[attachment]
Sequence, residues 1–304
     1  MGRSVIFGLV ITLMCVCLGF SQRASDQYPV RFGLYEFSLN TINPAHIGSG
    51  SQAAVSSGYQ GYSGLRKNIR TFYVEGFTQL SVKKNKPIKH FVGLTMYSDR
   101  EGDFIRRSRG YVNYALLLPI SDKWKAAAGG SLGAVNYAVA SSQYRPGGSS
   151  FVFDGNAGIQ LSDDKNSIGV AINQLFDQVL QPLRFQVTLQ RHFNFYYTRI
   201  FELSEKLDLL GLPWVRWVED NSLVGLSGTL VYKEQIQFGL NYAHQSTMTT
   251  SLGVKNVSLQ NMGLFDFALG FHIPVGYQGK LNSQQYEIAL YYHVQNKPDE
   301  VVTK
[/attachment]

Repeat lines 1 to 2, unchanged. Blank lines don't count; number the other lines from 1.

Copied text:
Sequence, residues 1–304
     1  MGRSVIFGLV ITLMCVCLGF SQRASDQYPV RFGLYEFSLN TINPAHIGSG